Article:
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STATE Vs. SRIKANTH & ORS.

Judgements favoring men

 
Court: KARNATAKA HIGH COURT

Bench: JUSTICE M.F. Saldanha & N.K. Patil

STATE Vs. SRIKANTH & ORS. On 26 June 2002

Law Point:
Charges Against Accused not Established : Acquittal Justified : In Many Cases where Matrimonial Offences Alleged, Police Indiscriminately Roping in whole of Family Including Brothers, Sisters, In-Laws : Unless there is Specific Material against these Persons it is Wrong on Part of Investigating Officers to Include Whole of Family as Accused Persons : Steps would be Taken to Ensure this does not Happen.

 

 

JUDGEMENT

 

We heard the learned Counsels on both sides on merits. This is undoubtedly another of the extremely distressing cases where a young wife has committed suicide and the usual allegation has followed, namely, that it was because of the cruelty inflicted by the husband and in-laws that she was driven to this step. The Trial Court has acquitted the accused and the State has assailed the correctness of that order.

2. The learned Addl. S.P.P. has submitted that when a suicide takes place even after a reasonable period of the marriage has elapsed that a certain presumption must be drawn by the Court that there would be very valid reasons why the deceased would be driven to this position. In the present instance reliance is placed on the evidence of the sister, brother and mother, all of whom deposed to the effect that the deceased was being harassed by the husband and in-laws some time after the marriage and that on both occasions there were monetary claims which had been satisfied. This evidence in our considered view is rather on the weak side but will also not be of much assistance to the prosecution even assuming it is accepted, because the point of time when the incident has taken place is so far remote i.e. there is a gap of 3 to 4 years between these incidents and the suicide that has subsequently transpired and, consequently, we are of the view that the nexus or inter-connection between the two has not been established. The defence has propounded the theory that because of the fact that the deceased has no children that she was depressed and that this was the real reason why she put an end to her life. On the other hand, there is a counter allegation that A1 the husband was contemplating a re-marriage and that this was what drove the deceased to suicide. On this last aspect, we do not have any evidence worth the name. We have very carefully re-assessed the material that was before the Trial Court and we are of the view that the charges against the accused persons have not been established. The review done by us indicates that the acquittal order in the present instance was justified and we see no ground on which that can be interfered with. We need to specially observe here that there are some overtones about money and ornaments having been exchanged but we prefer not to apply our mind to this aspect of the case because we notice from the earlier order passed by the learned Single Judge of the High Court that the accused persons were made to deposit a certain amount of money in Court at the time of their release on bail and that the amount was paid over as interim compensation to the accused. The order has been produced before us and we are rather surprised that at a pre-trial stage, even if the Court felt that the deposit of a cash amount as a condition for bail was justified that the Court would order the amount to be paid over to the girl’s father as compensation. However, since as indicated by the learned Addl. SPP the amount has already been disbursed we refrain from interfering with that order though we need to indicate that we thoroughly disapprove of both the timing and the context of the same. That is one of the reasons why we prefer not to make any observations with regard to the charges under the Dowry Prohibition Act as otherwise, we may have been inclined to order restoration of the dowry amount under Section 6 of the Act. We need to also observe that the quality of the Trial Court’s judgment is so very poor that the Registrar General shall convey to the Judicial Officer concerned our views with regard to this matter. If it is impossible for some Judicial Officers to use the English language it would be far better that they deliver their judgments in Kannada.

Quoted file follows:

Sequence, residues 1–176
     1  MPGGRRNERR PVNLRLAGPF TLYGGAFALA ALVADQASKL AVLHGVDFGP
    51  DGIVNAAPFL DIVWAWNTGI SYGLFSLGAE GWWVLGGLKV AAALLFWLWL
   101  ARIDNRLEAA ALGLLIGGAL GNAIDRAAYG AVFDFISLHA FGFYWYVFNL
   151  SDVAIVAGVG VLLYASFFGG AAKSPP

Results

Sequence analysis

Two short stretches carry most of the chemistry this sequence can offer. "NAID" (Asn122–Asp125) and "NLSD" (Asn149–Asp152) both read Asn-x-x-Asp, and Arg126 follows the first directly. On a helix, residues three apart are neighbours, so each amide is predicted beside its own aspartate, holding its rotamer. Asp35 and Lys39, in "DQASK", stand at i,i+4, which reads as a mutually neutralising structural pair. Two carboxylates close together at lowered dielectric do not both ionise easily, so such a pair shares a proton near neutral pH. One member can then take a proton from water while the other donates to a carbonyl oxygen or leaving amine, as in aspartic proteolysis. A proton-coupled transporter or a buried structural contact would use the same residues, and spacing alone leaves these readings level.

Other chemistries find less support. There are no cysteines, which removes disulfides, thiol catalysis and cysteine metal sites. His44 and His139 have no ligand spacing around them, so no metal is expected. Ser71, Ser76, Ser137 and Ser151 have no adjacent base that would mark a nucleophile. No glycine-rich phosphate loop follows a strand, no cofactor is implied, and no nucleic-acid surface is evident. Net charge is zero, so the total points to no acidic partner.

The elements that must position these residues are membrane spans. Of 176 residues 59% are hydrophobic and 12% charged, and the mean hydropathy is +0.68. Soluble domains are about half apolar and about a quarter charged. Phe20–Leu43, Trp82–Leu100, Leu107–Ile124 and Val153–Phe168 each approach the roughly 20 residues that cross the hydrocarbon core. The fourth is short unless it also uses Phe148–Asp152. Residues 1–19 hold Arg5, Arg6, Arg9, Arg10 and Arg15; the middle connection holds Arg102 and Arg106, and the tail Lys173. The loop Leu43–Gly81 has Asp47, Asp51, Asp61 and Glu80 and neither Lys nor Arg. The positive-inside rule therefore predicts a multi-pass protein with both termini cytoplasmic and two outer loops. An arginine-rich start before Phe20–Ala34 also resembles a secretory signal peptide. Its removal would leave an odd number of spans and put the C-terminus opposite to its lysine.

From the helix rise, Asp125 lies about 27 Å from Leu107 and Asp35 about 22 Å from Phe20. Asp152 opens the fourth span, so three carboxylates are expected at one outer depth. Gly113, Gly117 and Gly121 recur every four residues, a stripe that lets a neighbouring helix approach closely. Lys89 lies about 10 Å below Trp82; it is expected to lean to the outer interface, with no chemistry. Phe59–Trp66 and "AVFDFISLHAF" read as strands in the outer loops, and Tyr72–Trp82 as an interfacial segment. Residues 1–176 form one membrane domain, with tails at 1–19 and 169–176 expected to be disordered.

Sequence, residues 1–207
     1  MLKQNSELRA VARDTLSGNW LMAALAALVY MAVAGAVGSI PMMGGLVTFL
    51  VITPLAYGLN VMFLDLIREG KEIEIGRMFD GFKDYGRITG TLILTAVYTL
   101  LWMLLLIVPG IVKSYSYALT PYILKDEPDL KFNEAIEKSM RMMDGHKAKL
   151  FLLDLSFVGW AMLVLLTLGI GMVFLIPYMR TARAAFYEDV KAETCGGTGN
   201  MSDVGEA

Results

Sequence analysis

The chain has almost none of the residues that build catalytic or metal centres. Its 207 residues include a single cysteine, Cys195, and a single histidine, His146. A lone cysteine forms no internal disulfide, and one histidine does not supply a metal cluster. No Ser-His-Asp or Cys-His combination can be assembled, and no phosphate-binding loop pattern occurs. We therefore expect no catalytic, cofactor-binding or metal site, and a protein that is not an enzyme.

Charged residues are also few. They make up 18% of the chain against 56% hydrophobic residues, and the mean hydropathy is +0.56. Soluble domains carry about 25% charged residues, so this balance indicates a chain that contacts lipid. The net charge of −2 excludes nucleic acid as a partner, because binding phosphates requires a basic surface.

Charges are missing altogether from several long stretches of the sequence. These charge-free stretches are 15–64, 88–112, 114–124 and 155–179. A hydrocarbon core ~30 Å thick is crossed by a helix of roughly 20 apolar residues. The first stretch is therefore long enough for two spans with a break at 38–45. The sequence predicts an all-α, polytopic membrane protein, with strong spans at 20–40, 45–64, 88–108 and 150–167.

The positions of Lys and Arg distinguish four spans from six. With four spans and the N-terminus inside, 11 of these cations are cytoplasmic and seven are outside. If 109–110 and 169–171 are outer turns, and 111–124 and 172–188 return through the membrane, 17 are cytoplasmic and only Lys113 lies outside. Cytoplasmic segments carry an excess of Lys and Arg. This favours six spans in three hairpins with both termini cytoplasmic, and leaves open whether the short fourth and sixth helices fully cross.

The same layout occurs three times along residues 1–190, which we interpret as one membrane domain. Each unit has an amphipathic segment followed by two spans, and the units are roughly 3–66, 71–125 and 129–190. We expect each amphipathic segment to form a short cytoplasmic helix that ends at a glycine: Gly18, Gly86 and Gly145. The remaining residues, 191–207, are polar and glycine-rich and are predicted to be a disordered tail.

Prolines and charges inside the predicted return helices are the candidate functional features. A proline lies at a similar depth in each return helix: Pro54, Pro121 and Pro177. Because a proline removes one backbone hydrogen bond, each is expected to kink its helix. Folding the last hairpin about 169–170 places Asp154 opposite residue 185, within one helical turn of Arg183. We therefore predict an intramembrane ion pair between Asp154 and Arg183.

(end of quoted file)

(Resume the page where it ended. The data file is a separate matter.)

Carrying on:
3. We have brought it to the notice of the learned Addl. SPP that in many of the transactions under Sections 498A, 304B and 306, I.P.C. i.e. the cases where serious matrimonial Offices are alleged that the police have been indiscriminately roping in the whole of the family including the brothers, sisters, in-laws, we had come across one incident where apart from the parents the grand-father and great grand-father were also shown as accused. Unless there is specific material against these persons it is downright wrong on the part of the investigating authorities to indiscriminately include the whole of the family as accused persons. There could possibly be strong evidence against the husband or parents or immediate residents of the house, etc., but the police need to discriminate before just adding the whole of the family as accused persons as has happened in this case. We take it that hereinafter, steps would be taken to ensure that this does not happen. The appeal accordingly fails on merits and stands dismissed.

Appeal dismissed.

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